Alex Kane: When push comes to shove, the DUP will agree to sell painful deal
Writing in the Belfast Telegraph on August 19, I suggested that Boris Johnson "could yet be persuaded of the merits of a backstop of some sort (applying only to NI)".
DUP representatives told me I was talking nonsense, yet it now looks as if the party will be presented with a take-it-or-leave-it option in the next few days.
Noises from both the Johnson and Varadkar camps suggest that Thursday's meeting between them went very well and even EU sources sound more upbeat than they have for months.
The chances of a 'breakthrough deal' shifted from very unlikely to a position somewhere between maybe and possibly.
Everything could change overnight, of course, but as it stands key players in London and Dublin are happy: and it's that happiness which spooks the DUP.
But what happens if a deal is agreed (although that still remains a BIG if) and the DUP don't like it?
Even worse from their perspective, what happens if Johnson has the numbers to get a deal through the Commons without them: which is very likely if the EU and Irish government are behind it.
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Yes, it would be a hugely embarrassing blow for Arlene Foster and could lead to her resignation (which some DUP elements would like anyway), but the DUP has no cards to play in those circumstances.
In essence it would have been cut adrift by both Parliament and the Conservative Party, bringing back memories of what happened with the Anglo-Irish Agreement in 1985.
The trouble is that the DUP could not just turn its back on a bad deal and hope that it would go away; and nor would it be able to kill off the deal once it got through the House of Commons. Which leaves it with only one, albeit very uncomfortable option: find a way of 'selling' the deal and retaining their top-dog position within unionism. So, is that possible?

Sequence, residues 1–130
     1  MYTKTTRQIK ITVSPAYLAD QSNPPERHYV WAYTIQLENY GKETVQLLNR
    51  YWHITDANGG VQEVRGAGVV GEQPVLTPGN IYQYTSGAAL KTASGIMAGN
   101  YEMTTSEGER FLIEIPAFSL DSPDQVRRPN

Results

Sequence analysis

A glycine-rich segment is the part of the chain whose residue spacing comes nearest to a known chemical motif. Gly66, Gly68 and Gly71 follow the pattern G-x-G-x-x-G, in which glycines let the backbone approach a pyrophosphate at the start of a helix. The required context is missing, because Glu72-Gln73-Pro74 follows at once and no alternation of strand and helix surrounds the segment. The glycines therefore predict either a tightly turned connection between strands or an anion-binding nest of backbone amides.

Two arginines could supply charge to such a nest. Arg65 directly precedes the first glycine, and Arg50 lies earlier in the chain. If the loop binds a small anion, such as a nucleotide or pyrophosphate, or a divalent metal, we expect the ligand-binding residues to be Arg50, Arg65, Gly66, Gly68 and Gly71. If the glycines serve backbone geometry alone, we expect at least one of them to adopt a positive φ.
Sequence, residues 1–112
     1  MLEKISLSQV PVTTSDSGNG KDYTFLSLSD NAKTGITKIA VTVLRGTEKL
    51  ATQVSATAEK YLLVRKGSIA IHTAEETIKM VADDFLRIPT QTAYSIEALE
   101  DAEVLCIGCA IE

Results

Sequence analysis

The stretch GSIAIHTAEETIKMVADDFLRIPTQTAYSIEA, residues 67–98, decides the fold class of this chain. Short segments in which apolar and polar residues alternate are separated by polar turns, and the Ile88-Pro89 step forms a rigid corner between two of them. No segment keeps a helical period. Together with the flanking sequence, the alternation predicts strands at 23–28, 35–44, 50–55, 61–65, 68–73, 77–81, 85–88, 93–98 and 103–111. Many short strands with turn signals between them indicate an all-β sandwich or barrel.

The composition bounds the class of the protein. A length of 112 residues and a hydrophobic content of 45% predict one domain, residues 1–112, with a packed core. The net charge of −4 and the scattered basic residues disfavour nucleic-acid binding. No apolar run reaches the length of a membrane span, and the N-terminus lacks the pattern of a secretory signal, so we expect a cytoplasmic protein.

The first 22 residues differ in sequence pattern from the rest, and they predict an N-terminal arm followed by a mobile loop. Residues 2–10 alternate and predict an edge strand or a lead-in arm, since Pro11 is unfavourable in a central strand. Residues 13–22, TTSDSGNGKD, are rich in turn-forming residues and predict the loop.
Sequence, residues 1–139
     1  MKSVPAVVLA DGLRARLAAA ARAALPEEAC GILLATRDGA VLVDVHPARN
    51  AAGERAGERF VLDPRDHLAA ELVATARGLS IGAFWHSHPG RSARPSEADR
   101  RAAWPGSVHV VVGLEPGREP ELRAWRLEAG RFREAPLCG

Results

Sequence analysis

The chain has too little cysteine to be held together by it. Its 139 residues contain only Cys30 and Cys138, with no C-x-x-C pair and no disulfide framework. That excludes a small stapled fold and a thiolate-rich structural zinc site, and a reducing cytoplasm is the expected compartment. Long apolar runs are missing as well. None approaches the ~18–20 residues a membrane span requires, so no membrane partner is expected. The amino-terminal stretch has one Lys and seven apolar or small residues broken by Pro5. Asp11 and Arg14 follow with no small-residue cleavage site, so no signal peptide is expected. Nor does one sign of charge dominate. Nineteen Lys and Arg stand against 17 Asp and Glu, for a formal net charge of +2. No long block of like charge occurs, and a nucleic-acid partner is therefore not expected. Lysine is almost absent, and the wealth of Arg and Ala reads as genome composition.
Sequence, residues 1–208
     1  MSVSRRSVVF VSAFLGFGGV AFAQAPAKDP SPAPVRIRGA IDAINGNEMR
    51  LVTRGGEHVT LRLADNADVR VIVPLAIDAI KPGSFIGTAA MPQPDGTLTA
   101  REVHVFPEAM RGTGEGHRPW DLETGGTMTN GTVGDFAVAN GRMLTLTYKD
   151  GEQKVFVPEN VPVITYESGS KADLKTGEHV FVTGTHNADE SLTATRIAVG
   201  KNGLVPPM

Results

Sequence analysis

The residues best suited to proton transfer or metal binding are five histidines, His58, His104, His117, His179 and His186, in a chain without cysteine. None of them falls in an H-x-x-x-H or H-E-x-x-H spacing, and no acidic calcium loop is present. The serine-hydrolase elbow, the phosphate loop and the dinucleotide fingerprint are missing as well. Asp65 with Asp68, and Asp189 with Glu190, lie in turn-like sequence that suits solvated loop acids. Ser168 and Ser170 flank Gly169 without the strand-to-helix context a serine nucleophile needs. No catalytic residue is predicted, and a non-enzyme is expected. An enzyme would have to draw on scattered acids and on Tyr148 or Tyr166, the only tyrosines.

I certainly wouldn't dismiss the chances: after all, the DUP did manage to shift from 'utter and comprehensive rejection' of the Good Friday Agreement and sitting in government with Sinn Fein, to cutting its own 'ourselves together' deal with the party. And they managed to keep unionism behind them, as well as facing down a challenge from Jim Allister when he resigned and formed TUV.
Whatever else you may think of the DUP it is extraordinarily agile when it comes to extricating itself from deep holes -often those that it has dug for itself.
Northern Ireland needs stability now. Unionism wants to see the constant demands for a border poll lessen; as, I suspect, would the Irish government. The DUP wants to calm unionist fears about being eased out of the United Kingdom.
It can argue that there has always been a 'place apart' element to Northern Ireland's identity and position within the Union and will reassure unionists that they will still be represented in Westminster.
And the party also knows that a deal which satisfies the small-u unionists and small-n nationalists who like the ties with the EU, as well as satisfies the business/farming/manufacturing/trading et al interests in favour of close ties with the EU is, ironically, the best way of sustaining a pro-Union majority.
Also, it is possible that many unionists - who would, once again, have felt their interests hadn't been prioritised by Westminster - might actually warm to a foot-in-both-camps solution.
The days of mass protests have gone, too and won't be coming back; so there'll be no traction for any party wanting to bring people onto the streets.
For the DUP - as for unionism generally - the Union trumps everything. If selling a 'difficult' deal is the only way of ensuring NI remains in the UK, then the DUP will sell it.
And they'll probably get away with it, because I don't see any sign of the UUP, TUV or unionist/loyalist fringes having a viable and available alternative.